The word “rigor” is hard to avoid today, and it provokes strong reactions from educators. Policymakers tout its importance. Publishers promote it as a feature of their materials. But some teachers share the view of Joanne Yatvin, past president of the National Council for Teachers of English. To them, rigor simply means more work, harder books, and longer school days. “None of these things is what I want for students at any level,” Yatvin says. Part of the problem is that we have adopted the jargon without a clear understanding of what we really mean.

Calculating Cognitive Depth

For classroom teachers, the more important question is one of practice: how do we create rich environments where all students learn at a high level? One useful tool, Norman Webb’s Depth of Knowledge Levels, can help teachers meet that challenge. Depth of Knowledge (DoK) categorizes tasks according to the complexity of thinking required to successfully complete them.

Level 1: Recall and Reproduction

Tasks at this level require recall of facts or rote application of simple procedures. The task does not require any cognitive effort beyond remembering the right response or formula. Copying, computing, defining, and recognizing are typical Level 1 tasks.

Level 2: Skills and Concepts

At this level, a student must make some decisions about his or her approach. Tasks with more than one mental step such as comparing, organizing, summarizing, predicting, and estimating are usually Level 2.

Level 3: Strategic Thinking

At this level of complexity, students must use planning and evidence, and thinking is more abstract. A task with multiple valid responses where students must justify their choices would be Level 3. Examples include solving non-routine problems, designing an experiment, or analyzing characteristics of a genre.

Level 4: Extended Thinking

Level 4 tasks require the most complex cognitive effort. Students synthesize information from multiple sources, often over an extended period of time, or transfer knowledge from one domain to solve problems in another. Designing a survey and interpreting the results, analyzing multiple texts by to extract themes, or writing an original myth in an ancient style would all be examples of Level 4.

photo credit: expertinfantry via photopin cc

photo credit: expertinfantry via photopin cc

Recently, educators have begun applying Webb’s DoK to help them design better instruction. Try this exercise to better understand the cognitive depth of the tasks you are using in your classroom and improve the rigor of your instruction:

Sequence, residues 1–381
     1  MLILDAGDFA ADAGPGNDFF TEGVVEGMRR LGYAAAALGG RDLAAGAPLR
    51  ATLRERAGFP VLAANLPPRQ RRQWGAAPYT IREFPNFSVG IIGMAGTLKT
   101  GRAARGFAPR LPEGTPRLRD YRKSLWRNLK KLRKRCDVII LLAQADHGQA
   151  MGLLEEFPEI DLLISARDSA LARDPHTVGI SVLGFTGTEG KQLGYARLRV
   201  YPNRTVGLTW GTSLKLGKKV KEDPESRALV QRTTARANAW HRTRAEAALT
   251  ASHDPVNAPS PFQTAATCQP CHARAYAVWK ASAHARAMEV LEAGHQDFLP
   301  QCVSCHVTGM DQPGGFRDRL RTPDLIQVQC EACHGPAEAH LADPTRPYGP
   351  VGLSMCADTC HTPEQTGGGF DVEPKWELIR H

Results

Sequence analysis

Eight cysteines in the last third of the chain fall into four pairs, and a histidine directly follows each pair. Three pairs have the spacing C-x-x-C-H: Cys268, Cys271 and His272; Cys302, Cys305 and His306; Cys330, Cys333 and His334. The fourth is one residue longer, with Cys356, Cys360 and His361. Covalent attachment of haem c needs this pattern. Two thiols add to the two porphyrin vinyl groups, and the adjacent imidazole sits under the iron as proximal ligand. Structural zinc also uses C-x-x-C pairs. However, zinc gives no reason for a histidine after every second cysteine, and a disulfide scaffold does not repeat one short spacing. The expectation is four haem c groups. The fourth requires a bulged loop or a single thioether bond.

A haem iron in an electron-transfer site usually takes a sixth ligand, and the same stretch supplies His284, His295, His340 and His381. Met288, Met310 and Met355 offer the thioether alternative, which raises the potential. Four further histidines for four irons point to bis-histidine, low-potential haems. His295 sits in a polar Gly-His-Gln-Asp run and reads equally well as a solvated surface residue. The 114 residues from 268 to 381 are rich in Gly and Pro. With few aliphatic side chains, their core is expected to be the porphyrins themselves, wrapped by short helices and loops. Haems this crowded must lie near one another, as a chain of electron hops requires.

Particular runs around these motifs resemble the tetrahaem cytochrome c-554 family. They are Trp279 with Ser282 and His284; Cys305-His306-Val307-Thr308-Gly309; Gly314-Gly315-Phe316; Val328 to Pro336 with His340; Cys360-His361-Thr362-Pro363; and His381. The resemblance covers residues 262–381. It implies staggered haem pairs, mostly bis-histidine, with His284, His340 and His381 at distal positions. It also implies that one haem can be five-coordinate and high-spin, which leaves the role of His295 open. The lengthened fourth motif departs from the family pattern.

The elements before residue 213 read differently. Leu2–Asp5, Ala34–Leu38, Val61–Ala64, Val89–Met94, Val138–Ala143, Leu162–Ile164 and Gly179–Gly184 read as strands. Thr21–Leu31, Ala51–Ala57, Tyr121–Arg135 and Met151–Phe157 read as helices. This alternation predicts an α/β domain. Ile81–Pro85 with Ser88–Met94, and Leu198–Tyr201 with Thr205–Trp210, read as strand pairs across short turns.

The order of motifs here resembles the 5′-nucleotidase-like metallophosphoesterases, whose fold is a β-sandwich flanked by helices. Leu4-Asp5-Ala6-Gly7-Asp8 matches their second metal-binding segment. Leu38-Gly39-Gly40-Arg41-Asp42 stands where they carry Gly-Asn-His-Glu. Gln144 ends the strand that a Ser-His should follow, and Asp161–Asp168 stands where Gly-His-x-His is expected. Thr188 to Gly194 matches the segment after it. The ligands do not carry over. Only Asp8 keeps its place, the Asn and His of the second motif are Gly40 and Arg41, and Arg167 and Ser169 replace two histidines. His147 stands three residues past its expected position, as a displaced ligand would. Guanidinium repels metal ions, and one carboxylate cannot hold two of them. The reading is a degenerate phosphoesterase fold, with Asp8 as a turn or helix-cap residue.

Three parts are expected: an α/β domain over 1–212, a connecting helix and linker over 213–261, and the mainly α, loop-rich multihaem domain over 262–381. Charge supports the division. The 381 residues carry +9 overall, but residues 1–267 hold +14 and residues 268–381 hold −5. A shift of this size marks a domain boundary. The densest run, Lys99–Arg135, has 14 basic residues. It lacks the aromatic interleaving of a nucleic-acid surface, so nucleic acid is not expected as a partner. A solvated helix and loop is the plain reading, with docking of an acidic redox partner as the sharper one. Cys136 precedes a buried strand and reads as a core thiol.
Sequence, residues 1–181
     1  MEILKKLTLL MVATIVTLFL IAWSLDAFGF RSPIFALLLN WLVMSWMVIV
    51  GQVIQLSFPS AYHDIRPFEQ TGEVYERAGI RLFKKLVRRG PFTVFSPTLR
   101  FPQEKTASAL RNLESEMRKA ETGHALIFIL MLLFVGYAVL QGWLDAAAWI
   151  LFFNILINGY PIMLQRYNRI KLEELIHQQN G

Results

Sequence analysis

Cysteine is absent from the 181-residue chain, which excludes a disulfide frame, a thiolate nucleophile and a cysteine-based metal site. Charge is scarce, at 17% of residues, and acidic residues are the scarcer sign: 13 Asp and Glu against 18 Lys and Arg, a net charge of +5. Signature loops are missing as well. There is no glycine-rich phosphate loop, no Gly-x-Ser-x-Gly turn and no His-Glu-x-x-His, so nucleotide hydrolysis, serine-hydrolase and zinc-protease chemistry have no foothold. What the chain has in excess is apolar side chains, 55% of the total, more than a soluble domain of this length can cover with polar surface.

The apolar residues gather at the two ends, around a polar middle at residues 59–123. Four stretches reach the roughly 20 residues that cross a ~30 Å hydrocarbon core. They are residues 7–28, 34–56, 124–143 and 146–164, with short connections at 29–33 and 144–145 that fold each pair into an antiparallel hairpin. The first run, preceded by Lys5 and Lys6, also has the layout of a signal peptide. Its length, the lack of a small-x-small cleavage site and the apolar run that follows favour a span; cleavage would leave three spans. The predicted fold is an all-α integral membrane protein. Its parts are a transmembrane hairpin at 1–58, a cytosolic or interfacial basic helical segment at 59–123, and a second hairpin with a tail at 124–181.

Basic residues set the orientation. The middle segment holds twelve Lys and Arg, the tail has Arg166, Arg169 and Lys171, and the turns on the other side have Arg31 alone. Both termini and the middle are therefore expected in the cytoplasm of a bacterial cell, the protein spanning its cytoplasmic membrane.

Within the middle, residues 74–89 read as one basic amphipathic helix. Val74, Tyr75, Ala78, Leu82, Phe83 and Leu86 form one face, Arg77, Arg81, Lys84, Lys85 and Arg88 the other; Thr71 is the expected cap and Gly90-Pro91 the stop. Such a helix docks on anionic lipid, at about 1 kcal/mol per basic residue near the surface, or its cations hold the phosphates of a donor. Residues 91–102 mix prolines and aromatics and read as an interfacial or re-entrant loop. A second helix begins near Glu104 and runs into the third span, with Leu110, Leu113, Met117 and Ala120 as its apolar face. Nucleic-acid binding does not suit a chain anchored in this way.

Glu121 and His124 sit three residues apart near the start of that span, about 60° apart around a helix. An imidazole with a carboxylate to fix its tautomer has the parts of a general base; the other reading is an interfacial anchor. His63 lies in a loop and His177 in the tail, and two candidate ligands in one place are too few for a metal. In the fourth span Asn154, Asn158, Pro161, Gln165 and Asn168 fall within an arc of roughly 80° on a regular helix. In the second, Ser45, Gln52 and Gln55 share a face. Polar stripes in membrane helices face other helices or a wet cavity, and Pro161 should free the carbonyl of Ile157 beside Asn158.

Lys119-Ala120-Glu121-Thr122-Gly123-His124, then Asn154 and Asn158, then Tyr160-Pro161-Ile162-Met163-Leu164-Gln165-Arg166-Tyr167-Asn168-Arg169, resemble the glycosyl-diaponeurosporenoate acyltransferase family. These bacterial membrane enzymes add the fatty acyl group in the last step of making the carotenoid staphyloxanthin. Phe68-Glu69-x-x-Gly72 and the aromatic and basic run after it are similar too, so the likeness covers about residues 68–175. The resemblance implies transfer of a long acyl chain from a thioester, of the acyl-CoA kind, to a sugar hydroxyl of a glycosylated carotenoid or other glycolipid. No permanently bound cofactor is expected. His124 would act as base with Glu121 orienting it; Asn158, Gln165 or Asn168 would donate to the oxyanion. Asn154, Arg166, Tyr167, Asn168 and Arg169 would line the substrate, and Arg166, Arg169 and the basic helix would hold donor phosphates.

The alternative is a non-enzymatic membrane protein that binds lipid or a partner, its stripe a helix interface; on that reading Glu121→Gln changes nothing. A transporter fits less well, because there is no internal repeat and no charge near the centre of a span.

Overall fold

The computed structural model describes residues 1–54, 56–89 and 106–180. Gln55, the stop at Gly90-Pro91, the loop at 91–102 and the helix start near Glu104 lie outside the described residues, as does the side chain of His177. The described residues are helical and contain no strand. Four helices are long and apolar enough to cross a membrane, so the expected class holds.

1. Keep a list or collection of every task you ask students to do in a day (or in one subject for a week), including classwork, homework, and projects.
  2. Sort the tasks into categories according to the four DoK Levels. Some resources which may help:
  3. Work with a team of colleagues to review the groupings. Many tasks are easily categorized, but some will require deeper discussion to clarify your understanding of the levels. Strive toward consensus. A few pointers:
    • The verb does not define the level. Instead, consider the cognitive effort that a student will use to complete the task. The verb “describe,” for example, could be any level, depending on the kind of description.
    • It is common to find tasks that seem to fall in between levels. When in doubt, assign the higher level.
    • “Extended time” alone does not make a task Level 4. Lower-level tasks that are merely repeated over a period of time are still lower level.
  4. Analyze your groupings. What patterns do you see? Is there a reasonable distribution of tasks across the four levels? Do you notice anything unexpected?
  5. Rewrite a Level 1 or Level 2 task to be at least Level 3. These question stems are helpful in creating good tasks (PDF, 28KB).

Apply as Needed

You may be asking at this point, “Well, what is a reasonable distribution? How often should I be doing tasks at each level? What’s the right sequence?”

DOK Levels are not sequential. Students need not fully master content with Level 1 tasks before doing Level 2 tasks. In fact, giving students an intriguing Level 3 task can provide context and motivation for engaging in the more routine learning at Levels 1 and 2.

DOK levels are also not developmental. All students, including the youngest preschoolers, are capable of strategic and extended thinking tasks. What they look like will differ, and what is Level 3 to a kindergarten student may be a Level 1 task for a middle schooler. All students, however, should have opportunities to do complex reasoning.

To find the right balance, ask yourself these questions:

  • What kinds of thinking do I want students to do routinely?
  • If my own child were participating, what would I want him or her to be doing?
  • What’s the most effective way to spend the limited classroom time I have?

Decide for yourself how often you should focus on tasks at each level so that students gain the most from the learning opportunities you design.

Regardless of how you define “rigor,” the important thing is that students are thinking deeply on a daily basis. Webb’s Depth of Knowledge gives you a framework and common language to make that happen in your classroom.

[This post originally appeared September 4, 2014, at Edutopia. To comment, please join the conversation there.]